The Secret of Getting My Teen Motivated

Dr sharon Furman-Lee

According to recent research, there are two kinds of motivation: extrinsic and intrinsic. Extrinsic motivation is dependent on something that is not related to your wishes and desires. For example, when I study for a test, I study hard because I want my parents to buy me a new cell phone or computer. Intrinsic motivation is what we want our teens to have – it means that you do something because it is your passion and desire regardless of any additional rewards. For example, my younger son decided that he wanted to join a soccer club during the pandemic. He wasn’t fit and needed to practice on his own in order to rise to the other players’ level. So, he started to eat healthy, woke up early every morning to exercise, ran on the treadmill, and worked on his skills in the backyard day. Eventually, he established himself as a significant team member with other kids two grades above him. This is what intrinsic motivation is all about: determination and the work ethic that comes from within.

So how can parents support teenagers’ motivation? We and they want to pursue good grades, hang out with positive people, and make good decisions. Here are a few tips to help you along your teenager’s journey.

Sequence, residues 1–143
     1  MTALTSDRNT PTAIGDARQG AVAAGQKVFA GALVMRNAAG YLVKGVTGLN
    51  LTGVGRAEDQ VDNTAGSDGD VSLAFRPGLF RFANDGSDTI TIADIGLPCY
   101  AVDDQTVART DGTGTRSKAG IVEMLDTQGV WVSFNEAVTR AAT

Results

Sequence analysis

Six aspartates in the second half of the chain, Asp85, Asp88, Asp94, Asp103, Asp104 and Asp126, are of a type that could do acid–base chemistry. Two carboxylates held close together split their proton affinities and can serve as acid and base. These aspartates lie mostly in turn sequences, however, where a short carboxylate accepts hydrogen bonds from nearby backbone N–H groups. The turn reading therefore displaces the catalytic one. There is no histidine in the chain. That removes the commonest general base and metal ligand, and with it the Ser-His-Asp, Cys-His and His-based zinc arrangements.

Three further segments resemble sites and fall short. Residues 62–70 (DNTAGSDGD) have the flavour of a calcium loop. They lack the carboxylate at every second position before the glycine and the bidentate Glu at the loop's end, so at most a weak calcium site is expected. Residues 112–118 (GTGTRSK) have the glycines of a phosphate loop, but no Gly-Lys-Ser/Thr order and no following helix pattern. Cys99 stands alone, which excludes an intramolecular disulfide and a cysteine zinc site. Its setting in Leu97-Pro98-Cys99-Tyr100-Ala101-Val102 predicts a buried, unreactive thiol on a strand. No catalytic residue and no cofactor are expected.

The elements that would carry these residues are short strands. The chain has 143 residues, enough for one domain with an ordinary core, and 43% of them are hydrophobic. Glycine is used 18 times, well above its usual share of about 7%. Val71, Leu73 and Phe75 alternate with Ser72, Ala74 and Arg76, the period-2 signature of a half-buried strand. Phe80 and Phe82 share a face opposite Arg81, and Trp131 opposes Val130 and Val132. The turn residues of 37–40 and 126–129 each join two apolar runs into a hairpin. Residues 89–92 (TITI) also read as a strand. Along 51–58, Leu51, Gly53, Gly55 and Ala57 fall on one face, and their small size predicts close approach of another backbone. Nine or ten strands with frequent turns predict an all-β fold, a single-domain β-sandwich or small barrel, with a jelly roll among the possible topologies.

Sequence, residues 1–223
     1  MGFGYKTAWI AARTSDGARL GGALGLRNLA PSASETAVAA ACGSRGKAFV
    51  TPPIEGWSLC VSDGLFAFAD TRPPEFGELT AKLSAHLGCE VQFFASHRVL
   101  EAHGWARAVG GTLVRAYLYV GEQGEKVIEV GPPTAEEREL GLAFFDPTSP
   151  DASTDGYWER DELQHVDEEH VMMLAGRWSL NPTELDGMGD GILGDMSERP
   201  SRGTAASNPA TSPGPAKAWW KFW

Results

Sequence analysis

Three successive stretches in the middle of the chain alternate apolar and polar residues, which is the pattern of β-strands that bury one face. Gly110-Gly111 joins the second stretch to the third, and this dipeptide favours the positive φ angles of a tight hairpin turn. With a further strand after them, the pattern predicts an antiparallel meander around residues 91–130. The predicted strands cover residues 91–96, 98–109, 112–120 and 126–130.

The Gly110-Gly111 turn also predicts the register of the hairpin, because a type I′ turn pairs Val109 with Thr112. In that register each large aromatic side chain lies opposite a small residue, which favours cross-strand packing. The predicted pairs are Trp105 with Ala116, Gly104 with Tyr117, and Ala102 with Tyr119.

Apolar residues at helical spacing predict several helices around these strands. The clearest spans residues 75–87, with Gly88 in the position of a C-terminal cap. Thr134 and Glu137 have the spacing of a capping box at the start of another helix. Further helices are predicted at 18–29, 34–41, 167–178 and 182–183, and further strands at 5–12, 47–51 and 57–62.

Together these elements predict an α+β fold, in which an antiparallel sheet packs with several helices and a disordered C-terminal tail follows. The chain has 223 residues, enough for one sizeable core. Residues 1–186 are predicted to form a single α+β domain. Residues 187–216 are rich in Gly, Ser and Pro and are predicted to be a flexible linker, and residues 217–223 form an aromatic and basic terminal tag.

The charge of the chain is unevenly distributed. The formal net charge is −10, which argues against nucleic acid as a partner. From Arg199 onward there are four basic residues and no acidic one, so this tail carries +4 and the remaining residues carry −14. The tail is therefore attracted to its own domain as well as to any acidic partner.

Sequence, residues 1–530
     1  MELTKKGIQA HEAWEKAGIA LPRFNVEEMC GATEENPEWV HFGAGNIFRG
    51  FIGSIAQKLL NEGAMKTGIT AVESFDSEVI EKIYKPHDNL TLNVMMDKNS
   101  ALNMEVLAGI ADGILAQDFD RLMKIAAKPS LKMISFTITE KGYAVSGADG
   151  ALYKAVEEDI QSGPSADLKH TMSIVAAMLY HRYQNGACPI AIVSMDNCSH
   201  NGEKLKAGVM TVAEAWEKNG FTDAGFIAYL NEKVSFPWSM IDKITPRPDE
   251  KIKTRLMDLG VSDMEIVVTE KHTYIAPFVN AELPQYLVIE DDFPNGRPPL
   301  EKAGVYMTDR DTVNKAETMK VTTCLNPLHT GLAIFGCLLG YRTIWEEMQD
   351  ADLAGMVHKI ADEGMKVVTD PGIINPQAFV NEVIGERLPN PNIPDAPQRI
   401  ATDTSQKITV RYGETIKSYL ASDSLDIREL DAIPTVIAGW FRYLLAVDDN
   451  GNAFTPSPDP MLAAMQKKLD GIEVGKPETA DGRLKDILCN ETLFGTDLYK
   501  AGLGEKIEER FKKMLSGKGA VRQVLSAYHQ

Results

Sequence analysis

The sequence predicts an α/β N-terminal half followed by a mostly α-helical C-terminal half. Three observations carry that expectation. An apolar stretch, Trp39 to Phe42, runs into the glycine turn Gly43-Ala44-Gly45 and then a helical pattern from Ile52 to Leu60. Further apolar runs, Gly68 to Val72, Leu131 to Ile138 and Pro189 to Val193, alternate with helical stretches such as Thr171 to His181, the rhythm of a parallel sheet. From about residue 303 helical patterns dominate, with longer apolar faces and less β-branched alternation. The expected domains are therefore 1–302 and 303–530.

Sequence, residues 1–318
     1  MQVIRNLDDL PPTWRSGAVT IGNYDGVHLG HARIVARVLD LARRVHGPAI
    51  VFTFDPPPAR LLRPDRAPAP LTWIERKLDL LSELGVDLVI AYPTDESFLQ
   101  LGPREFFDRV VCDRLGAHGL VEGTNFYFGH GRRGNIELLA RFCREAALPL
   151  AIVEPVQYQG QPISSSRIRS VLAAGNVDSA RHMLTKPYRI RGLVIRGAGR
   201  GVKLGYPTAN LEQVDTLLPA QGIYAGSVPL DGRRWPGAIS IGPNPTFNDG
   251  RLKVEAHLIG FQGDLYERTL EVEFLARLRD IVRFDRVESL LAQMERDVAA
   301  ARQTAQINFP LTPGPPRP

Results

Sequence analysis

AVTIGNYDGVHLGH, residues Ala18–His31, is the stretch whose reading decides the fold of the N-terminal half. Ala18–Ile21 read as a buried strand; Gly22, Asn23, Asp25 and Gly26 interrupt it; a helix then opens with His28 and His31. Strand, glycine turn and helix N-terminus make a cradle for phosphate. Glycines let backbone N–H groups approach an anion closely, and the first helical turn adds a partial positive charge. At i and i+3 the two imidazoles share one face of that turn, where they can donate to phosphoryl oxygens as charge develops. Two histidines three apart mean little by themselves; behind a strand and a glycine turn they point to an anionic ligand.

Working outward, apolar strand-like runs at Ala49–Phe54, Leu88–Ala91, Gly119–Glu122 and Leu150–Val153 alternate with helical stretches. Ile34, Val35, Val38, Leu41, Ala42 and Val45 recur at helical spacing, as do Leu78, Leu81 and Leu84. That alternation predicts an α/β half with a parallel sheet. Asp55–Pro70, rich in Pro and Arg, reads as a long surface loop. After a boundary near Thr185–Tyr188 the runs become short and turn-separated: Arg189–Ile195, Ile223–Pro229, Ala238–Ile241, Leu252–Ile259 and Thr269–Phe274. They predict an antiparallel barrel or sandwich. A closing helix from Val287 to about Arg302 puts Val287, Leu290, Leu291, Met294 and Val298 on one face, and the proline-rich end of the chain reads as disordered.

1) Express your gratitude

If your child washed dishes? Say thank you. Repeat this gratitude every time he is helping at home. Always make him feel that his contribution matters to you and his environment. When a child/adolescent feels that he contributes, he desires to give more of himself.

External rewards

A desire to do something should not depend on an external factor, but to connect the desire to an important value such as – preserving the environment, caring for animals, helping the less fortunate, etc.

3) Focus on the positive

According to the positive psychology approach, when focusing on positive things, our brains release the neurotransmitter Dopamine which is associated with motivation, focus, and positivity. For example, if a girl’s room is messy and has no remedy, but her dresser is tidy, she should be complimented on the order of the dresser and not nagged at the cluttered room. Focusing on the positive will make her want to receive more compliments and understand that order and organization is a positive thing that is important to maintain.

4) Praise the qualities that are related to the boy’s doing

If a boy told me that he managed to overcome some challenging obstacle in a computer game, instead of focusing on a conversation that discusses how many hours he is spending on the computer, try to focus on complimenting him on his extraordinary skills: it’s because you are a child who perseveres, because you are very accurate, because you are smart, etc. When a child feels that his parents or teachers see him and recognize his qualities and talents, he becomes more motivated as he feels a stronger connection to his actions and the support of the surroundings.